Emory Report

November 29, 1999

 Volume 52, No. 13

Panel recalls brush with 'second Korean War' in 1994

The U.S. Senate's rejection of the Comprehensive Test Ban treaty "is one of the worst mistakes our government has ever made," said former President Jimmy Carter at a panel discussion Nov. 11 on "North Korea and Security on the Korean Peninsula."

The discussion included Emory President Emeritus James Laney, former U.S. ambassador to the Republic of Korea; and Lee Hong-koo, Emory alumnus, ambassador to the United States from the Republic of Korea and former South Korean prime minister.

The three panelists were unanimous in their positive assessment of current U.S. policy toward North Korea and recent proposals by former Secretary of Defense William Perry, in which trade sanctions against North Korea have been lifted in exchange for their agreement to curb ballistic missile and nuclear programs.

"All these are modestly hopeful signs," said Laney. But the panelists warned that future relations with North Korea will involve political risk-taking, hard work and an appreciation for the dangers created by such a battered but unbowed totalitarian regime.

The most riveting moments of the program were Carter's recollections of his June 1994 trip to North Korea, just before the United Nations Security Council was due to vote on sanctions against the country for developing a nuclear weapons program. Carter said he learned the North Koreans "couldn't accept being branded as a criminal" and that it was "outside the realm of possibility that they would accept this peacefully."

When the time for the UN vote grew near, Carter again asked the Clinton administration for permission to go to North Korea (his previous requests had been denied). When permission was slow in coming, Carter wrote a letter saying he was going to North Korea. He said Vice President Al Gore intercepted his letter and told him if he changed the wording to "strongly inclined," Gore would try to get him permission to go.

Permission was eventually granted, and Carter and his wife Rosalynn became the first people to cross the demilitarized zone between North and South Korea since the 1953 armistice. When the Carters arrived in Seoul, along with Marion Creekmore, currently vice provost for international affairs at Emory, they found "a very tender political situation." Carter met in turn with Laney and Lee, both of whom gave sound advice. Carter said South Korean military leaders felt that American and South Korean troops could repel North Korea, but casualties would be great.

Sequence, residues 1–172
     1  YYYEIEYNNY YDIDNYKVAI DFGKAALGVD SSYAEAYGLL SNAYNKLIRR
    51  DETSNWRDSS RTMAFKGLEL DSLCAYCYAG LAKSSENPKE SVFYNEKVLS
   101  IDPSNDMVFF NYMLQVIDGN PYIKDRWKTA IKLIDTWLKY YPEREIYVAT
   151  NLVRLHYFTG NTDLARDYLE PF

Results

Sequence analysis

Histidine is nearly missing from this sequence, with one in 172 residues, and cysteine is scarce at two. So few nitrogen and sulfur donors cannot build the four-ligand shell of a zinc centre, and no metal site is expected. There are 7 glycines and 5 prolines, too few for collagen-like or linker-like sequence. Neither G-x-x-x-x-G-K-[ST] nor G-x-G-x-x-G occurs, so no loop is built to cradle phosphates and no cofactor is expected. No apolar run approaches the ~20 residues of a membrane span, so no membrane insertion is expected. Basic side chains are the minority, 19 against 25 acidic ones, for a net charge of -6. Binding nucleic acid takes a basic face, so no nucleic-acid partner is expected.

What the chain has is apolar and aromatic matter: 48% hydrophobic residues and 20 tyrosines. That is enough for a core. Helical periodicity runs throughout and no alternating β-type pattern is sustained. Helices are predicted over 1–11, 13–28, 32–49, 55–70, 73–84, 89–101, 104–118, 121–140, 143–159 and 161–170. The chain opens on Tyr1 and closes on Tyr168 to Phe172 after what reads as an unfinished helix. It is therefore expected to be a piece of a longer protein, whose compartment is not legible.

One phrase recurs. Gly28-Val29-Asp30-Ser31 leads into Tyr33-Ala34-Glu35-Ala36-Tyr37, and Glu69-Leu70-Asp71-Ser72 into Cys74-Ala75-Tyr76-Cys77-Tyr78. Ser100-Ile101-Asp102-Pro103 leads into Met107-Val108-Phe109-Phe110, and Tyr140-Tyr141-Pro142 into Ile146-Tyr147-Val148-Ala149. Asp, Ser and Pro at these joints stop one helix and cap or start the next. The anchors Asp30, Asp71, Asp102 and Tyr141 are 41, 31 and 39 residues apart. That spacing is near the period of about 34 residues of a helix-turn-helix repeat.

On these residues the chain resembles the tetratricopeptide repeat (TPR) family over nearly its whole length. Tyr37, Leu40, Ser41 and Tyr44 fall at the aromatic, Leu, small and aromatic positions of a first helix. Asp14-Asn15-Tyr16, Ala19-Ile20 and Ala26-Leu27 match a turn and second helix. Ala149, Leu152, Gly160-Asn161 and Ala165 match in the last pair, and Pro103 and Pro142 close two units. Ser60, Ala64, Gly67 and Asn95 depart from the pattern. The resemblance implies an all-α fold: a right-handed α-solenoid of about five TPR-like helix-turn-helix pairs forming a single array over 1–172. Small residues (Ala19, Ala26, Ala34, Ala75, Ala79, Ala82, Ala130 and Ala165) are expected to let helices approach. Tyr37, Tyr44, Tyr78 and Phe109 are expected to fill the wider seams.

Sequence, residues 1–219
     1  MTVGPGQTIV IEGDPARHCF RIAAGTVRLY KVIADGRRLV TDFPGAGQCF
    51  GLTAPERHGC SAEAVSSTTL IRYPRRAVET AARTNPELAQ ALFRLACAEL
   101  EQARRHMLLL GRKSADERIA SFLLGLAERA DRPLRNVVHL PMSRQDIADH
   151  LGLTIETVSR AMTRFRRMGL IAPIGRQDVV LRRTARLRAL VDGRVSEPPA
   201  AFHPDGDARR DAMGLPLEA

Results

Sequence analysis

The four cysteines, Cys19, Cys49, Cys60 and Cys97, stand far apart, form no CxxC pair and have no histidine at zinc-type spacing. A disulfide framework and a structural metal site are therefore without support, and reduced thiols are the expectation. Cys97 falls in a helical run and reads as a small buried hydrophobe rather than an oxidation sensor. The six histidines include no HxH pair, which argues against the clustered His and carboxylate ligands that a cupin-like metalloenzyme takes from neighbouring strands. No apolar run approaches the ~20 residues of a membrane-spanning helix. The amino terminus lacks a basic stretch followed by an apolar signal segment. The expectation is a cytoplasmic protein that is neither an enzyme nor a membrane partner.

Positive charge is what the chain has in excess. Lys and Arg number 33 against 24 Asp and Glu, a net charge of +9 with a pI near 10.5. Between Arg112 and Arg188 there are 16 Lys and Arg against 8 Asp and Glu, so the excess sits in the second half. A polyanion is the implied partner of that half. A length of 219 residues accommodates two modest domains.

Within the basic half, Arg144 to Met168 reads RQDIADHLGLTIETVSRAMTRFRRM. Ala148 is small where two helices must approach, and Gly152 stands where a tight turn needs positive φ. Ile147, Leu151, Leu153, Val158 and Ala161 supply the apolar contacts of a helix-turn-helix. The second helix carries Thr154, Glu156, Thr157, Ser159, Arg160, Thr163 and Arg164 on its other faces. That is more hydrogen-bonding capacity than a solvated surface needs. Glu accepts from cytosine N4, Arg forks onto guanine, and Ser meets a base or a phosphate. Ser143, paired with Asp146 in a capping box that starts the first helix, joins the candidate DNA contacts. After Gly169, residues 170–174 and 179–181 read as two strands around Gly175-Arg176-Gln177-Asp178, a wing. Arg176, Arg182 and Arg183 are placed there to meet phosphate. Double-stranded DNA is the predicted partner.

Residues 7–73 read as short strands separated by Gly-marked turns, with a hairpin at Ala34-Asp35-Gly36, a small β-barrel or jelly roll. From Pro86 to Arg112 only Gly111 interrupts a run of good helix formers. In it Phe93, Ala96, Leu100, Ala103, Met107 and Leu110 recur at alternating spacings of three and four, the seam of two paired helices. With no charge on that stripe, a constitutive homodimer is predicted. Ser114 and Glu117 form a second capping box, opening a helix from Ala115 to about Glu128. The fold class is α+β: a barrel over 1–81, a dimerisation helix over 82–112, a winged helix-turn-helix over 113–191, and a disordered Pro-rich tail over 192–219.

After crossing into North Korea, Carter said he found leaders in Pyongyang "defensive but very hospitable." But they also made it plain that "if sanctions were implemented, North Korea would immediately go to war," said Carter. "This was no idle threat."

Unable to sleep that night, Carter called Creekmore at 3 a.m. and asked him to travel to Panmunjom, just across the border in South Korea, to stand by in case Carter needed to get word to Washington that a war was imminent. Creekmore departed for South Korea in the middle of the night on the same day Carter was summoned to meet with North Korean President Kim Il Sung for the first time. Following two days of negotiations, Kim agreed to freeze North Korea's nuclear program, and subsequent talks with the United States led to agreements in October 1994 and June 1995 in which North Korea curtailed its nuclear efforts.

Carter is credited by many as having prevented a second Korean war in 1994, but he warns that the situation is still volatile, given North Korea's military might, the inaccessibility of current President Kim Jong Il and the bleakness of its social, economic and political landscape. Recalling his days as a submarine officer in the U.S. Navy's Pacific fleet following World War II, Carter said, "I still pray for peace on the Korean Peninsula as I began praying 51 years ago."

-Elaine Justice

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